Before as an adverb and conjunction

October 12th, 2010 in Improve English

Before as an adverb

As an adverb before means ‘at any time before now”. In British
English, before is commonly used with a present perfect tense.

How to express your opinion politely

October 11th, 2010 in Improve English

Key phases

I think / I feel / I reckon / I guess (informal)
In my opinion / in my view (formal)

Cover Letter Writing Tips

October 10th, 2010 in Business English

When you send your CV or resume for a job interview, you should always include a cover letter. The cover letter is a letter of application that serves the purpose of introducing you for an interview. Here are some tips for writing a good cover letter.

More on countable and uncountable nouns

October 9th, 2010 in Improve English

Not all languages treat nouns in the same way. For example, hair is uncountable in English, but is a plural countable noun in many other languages. Similarly, the names of illnesses are usually uncountable in English and are followed by singular verbs.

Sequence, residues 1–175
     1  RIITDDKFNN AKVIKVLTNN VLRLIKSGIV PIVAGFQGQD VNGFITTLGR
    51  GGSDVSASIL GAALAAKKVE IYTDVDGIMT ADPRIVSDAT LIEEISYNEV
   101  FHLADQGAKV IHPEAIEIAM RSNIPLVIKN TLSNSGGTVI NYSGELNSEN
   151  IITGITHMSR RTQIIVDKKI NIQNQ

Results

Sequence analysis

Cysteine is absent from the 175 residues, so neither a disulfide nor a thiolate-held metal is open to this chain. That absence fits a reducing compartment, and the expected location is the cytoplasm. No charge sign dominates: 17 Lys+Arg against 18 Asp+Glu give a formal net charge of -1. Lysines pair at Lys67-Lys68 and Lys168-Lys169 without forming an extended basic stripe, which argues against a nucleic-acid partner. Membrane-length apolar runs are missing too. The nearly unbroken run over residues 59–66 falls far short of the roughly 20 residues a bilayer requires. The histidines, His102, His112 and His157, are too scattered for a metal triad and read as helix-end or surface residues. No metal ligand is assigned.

Uses of Any

October 8th, 2010 in Improve English

Any is a determiner. It suggests an indefinite amount or number.

Have you got any rice?
Is there any water in the bottle?

Uses of And

October 8th, 2010 in Improve English

And is used to join two or more grammatically similar expressions.

Bread and butter
Jack and Jill

When there are more than two items, we usually put and before the last.

have and have got to

October 7th, 2010 in Improve English

The structures have to and have got to are used to talk about obligation.
The meaning is similar to must.

Sorry, I have (got) to go. (= I must go.)